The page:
What about the low pO2? The patient is getting a PEEP 5 and FiO2 0.5. PEEP is at the minimum, and we definitely have the ability to increase that number to assist. Before you decide to take this action, it’s a good idea to check the FiO2.

What about the FiO2? Though we can increase the FiO2 up to 1.0, we know that oxygen damage can occur at levels higher than 0.50. So, in this case, a change to PEEP would be a better option.

A word of caution here: We know that severe hypoxia needs to be fixed. All of our cells need oxygen to survive. FiO2 has a rapid effect within a few breaths, while PEEP takes approximately an hour to start to fully work. If there is moderate to severe hypoxia (pO2 is less than 60 mmHg). Increasing the FiO2 to get immediate results while increasing PEEP, and then dialing back the FiO2 when SpO2 recovers would be the most correct. In this case, the hypoxia is only mild (60-79 mmHg), so increasing the PEEP only might be enough as long as the patient maintains SpO2 >92%. If needed, you can also make a small increase to FiO2 while the PEEP increase is starting to work, and then wean the FiO2 back down when the SpO2 improves enough.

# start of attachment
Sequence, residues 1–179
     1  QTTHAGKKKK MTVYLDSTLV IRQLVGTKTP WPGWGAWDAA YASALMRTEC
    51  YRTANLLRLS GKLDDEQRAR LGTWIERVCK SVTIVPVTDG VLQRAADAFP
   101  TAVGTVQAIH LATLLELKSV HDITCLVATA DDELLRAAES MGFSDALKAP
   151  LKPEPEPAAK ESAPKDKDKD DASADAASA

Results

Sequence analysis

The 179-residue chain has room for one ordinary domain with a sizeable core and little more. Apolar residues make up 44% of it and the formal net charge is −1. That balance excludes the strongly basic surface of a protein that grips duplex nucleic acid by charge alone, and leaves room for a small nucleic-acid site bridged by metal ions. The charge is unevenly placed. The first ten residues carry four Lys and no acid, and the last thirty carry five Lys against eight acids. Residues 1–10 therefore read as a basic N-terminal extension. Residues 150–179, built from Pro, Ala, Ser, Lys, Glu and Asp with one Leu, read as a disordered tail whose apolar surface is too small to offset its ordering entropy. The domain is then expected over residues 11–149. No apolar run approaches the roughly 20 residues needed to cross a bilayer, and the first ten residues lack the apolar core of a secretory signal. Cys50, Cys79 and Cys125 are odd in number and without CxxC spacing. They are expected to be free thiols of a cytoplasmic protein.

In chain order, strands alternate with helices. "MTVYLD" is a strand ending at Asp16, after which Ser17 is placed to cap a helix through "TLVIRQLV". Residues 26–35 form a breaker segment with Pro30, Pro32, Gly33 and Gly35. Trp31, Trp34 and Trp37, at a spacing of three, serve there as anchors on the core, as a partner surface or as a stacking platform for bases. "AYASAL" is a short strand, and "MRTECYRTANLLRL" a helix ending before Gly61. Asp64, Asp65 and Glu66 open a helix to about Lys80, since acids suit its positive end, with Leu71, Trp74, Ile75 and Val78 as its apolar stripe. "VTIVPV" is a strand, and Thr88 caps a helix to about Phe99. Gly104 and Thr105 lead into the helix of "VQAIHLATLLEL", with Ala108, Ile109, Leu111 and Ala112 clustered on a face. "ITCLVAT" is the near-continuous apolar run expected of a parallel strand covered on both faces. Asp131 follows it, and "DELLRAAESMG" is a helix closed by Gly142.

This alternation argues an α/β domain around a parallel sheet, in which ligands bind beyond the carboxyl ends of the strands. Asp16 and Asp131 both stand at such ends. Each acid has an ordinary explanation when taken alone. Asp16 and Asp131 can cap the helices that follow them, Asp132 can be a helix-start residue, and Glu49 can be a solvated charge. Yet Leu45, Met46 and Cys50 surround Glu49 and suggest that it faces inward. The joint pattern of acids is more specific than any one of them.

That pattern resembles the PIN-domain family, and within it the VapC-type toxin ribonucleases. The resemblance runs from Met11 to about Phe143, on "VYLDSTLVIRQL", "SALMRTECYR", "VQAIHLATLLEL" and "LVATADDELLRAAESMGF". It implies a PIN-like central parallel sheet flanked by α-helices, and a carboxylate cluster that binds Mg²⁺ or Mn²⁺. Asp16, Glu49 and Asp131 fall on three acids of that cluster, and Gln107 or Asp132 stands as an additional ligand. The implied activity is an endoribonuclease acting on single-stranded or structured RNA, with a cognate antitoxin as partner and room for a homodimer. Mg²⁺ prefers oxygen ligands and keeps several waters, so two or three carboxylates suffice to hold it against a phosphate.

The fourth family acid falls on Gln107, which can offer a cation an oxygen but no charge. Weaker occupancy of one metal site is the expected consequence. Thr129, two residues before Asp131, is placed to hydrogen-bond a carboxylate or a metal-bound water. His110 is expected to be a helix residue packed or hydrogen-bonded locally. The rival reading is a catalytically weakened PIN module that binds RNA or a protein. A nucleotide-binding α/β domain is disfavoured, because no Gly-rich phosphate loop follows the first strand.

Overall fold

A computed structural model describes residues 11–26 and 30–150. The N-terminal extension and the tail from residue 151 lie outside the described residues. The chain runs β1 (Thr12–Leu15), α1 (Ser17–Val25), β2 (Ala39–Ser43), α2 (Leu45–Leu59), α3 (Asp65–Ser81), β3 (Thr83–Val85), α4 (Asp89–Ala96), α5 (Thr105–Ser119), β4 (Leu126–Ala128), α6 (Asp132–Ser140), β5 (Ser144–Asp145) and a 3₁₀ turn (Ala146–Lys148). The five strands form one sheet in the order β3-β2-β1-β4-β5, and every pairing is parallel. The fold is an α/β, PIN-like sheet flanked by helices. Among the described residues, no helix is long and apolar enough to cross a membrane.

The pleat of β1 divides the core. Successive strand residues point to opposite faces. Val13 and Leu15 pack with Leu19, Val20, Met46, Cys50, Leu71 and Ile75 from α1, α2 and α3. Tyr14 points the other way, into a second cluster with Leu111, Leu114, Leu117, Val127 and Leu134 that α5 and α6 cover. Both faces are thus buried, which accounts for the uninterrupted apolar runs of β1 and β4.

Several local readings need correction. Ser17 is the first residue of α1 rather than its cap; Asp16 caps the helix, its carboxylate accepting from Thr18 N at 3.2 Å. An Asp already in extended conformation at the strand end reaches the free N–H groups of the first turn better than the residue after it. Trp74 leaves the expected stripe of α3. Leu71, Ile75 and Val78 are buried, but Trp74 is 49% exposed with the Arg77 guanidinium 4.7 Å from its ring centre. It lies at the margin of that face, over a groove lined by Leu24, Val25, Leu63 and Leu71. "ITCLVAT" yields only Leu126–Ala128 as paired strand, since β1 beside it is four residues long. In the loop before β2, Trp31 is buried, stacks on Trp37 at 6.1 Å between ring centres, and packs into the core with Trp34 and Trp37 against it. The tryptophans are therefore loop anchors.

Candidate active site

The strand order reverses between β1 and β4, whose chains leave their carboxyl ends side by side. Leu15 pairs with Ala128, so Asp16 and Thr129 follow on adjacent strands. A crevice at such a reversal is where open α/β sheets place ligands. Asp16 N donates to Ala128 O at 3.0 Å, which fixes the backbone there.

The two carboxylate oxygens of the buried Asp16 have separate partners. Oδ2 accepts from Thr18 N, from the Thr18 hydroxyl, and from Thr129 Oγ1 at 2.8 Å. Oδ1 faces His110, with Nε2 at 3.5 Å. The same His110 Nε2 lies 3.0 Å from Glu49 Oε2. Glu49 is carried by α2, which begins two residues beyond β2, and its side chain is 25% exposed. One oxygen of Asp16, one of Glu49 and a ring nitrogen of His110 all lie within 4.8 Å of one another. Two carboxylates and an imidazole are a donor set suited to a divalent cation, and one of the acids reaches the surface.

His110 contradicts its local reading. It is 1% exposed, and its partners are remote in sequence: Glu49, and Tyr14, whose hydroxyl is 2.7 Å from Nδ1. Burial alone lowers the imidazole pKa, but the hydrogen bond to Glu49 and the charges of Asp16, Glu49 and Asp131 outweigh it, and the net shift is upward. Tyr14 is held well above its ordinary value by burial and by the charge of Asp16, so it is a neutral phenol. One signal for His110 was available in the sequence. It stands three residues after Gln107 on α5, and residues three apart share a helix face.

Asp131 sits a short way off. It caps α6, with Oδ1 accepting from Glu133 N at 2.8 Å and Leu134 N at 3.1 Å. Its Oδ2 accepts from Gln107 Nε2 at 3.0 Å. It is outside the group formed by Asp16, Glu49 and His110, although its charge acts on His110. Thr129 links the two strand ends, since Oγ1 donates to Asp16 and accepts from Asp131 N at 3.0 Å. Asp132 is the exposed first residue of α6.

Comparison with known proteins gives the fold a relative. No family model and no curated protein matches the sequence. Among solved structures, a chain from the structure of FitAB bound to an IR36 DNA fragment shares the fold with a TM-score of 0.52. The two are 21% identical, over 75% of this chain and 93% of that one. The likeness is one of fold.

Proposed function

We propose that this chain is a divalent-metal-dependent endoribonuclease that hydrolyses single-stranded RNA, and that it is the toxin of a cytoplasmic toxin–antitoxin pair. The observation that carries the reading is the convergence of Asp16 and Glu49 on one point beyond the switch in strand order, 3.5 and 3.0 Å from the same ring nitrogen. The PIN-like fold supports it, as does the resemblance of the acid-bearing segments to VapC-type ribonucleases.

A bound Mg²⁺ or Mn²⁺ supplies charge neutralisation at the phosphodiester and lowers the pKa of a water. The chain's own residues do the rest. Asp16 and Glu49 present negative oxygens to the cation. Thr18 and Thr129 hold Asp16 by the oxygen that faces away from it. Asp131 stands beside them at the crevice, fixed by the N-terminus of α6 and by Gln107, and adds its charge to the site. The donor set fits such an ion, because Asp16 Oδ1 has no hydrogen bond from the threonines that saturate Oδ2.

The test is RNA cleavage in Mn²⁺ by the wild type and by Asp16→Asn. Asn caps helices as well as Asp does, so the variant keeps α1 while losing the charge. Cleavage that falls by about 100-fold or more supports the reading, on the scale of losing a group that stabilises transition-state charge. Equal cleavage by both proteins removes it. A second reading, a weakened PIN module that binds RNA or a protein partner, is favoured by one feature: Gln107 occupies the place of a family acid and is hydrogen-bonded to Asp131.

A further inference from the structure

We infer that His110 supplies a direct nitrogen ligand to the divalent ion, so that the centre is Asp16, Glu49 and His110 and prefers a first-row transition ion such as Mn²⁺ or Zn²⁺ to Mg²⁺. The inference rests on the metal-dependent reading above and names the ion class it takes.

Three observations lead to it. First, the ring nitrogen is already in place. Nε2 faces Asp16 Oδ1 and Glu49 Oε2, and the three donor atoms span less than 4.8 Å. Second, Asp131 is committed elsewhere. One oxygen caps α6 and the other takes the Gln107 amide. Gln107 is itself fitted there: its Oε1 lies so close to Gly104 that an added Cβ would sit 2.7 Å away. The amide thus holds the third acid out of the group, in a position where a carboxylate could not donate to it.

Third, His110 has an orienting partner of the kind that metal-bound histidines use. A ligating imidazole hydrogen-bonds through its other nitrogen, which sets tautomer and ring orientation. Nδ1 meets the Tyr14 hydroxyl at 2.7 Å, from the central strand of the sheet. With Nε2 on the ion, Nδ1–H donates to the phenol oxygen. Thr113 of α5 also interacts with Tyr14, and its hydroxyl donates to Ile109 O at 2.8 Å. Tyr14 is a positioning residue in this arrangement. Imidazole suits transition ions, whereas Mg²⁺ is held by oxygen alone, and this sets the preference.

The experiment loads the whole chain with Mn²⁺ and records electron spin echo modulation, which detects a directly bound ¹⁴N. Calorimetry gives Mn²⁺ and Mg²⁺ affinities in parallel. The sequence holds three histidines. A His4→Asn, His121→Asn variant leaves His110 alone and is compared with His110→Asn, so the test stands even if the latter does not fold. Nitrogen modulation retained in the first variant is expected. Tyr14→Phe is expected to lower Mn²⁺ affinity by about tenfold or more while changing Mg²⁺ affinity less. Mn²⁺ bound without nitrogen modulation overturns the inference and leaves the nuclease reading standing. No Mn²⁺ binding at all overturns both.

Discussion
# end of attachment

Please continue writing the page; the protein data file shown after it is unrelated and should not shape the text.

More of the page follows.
Making sense so far? There is only one more question to work through…

If you’re struggling to keep up, don’t forget that there is guidance and extra support available for students of the Basic Principles of Mechanical Ventilation micro-credential offered online by Sault College.

Two people sit on grass in the city smiling as they look on a laptop
You’re not alone! Help from an experienced instructor is available.



Icon for the Creative Commons Attribution-NonCommercial-ShareAlike 4.0 International License

Basic Principles of Mechanical Ventilation Copyright © 2022 by Sault College is licensed under a Creative Commons Attribution-NonCommercial-ShareAlike 4.0 International License, except where otherwise noted.

Share This Book